"Art forms the basis of all my work. In the realm of architecture as well as design it helps me find concrete solutions to functional and practical problems."
(Marcello Morandini, 2006)
The square, the circle and the triangle – these basic geometric shapes are the starting point for Marcello Morandini's work, which bridges the worlds of art and design. With mathematical precision he creates two- and three-dimensional works of art, architecture and design that have great aesthetic appeal despite – or indeed because of – their systematic approach and logical consistency.
Morandini had his first taste of success with his Constructivist/Concrete art, which at times comes close to Op art, at the biennials in Sao Paolo and Venice in the 1960s, and later at the 1977 documenta in Kassel. Over a period of two decades he created a series of art objects in cooperation with the manufacturing company Rosenthal, along with designs for porcelain tableware, glasses and cutlery. Morandini also designed furniture, rugs, lamps and plastic products for other companies including Sawaya & Moroni, Vorwerk, Brendel and Magis.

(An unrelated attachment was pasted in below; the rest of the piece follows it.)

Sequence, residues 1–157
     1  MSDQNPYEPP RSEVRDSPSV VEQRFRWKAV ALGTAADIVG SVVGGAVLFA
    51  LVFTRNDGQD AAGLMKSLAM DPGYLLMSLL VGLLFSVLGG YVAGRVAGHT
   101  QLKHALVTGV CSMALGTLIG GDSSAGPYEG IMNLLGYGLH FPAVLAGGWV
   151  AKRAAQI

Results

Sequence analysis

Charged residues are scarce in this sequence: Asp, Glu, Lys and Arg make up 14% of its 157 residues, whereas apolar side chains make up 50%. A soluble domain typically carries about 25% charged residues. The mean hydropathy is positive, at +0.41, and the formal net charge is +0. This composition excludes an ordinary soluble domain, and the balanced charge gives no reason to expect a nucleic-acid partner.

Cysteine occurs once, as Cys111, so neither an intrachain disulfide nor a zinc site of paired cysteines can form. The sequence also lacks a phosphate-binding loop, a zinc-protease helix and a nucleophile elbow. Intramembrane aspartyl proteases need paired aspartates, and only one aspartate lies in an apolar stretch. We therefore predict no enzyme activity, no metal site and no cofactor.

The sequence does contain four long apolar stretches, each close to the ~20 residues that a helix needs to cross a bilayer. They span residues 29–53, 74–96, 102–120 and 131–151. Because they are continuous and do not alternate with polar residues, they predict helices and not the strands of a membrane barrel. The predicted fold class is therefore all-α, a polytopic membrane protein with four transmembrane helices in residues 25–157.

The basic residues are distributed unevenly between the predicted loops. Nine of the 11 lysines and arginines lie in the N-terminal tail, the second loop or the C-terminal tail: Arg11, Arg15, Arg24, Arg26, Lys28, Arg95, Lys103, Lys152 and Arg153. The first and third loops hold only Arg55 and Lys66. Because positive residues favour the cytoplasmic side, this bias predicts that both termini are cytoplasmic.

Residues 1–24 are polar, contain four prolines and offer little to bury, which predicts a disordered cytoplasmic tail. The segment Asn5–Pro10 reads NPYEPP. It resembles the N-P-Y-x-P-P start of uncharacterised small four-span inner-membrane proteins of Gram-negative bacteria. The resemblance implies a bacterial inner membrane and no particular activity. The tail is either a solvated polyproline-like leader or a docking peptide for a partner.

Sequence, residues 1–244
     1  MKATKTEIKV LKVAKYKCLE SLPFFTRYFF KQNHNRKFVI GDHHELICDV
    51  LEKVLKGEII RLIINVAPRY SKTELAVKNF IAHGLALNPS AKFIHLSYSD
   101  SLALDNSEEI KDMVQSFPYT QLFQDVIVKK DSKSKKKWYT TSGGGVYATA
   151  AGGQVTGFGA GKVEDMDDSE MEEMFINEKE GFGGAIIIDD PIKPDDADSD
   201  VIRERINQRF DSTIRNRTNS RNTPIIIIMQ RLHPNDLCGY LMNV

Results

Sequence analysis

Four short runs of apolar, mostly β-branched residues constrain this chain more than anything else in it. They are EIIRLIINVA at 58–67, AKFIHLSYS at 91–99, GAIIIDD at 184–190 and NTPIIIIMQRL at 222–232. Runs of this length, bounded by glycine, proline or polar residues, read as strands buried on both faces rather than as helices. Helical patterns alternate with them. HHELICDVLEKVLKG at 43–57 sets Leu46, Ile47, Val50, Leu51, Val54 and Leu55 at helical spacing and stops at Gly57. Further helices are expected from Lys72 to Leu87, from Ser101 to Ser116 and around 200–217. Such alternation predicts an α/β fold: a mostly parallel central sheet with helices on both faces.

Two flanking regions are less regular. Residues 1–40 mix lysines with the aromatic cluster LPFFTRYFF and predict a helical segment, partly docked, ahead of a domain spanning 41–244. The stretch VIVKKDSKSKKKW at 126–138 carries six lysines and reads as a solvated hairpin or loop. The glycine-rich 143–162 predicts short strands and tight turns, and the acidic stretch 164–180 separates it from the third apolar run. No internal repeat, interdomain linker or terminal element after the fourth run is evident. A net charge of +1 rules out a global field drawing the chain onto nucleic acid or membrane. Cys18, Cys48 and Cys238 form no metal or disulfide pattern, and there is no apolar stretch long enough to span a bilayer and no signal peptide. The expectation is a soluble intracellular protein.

Since the 1980s, the Varese-based artist has also worked on architectural projects; these have included designing facades for two of Rosenthal's company buildings, skyscrapers in Singapore and Kuala Lumpur as well as a number of projects in public spaces.
For many years Marcello Morandini has been systematically investigating the transformation of rhythmical structures without the aid of computers. Despite the strict design rules he imposes upon himself, Morandini achieves extraordinary variety in the creation of black-and-white surfaces, reliefs and structures that allow us to experience his distinctive visual world.
Morandini has been crossing borders in the fine arts, architecture and design for almost half a century. The breadth of his creative scope is not only an impressive characteristic of his work, it also reflects the artist's understanding of his craft – an integrated approach that takes on particular significance in a museum of art and design.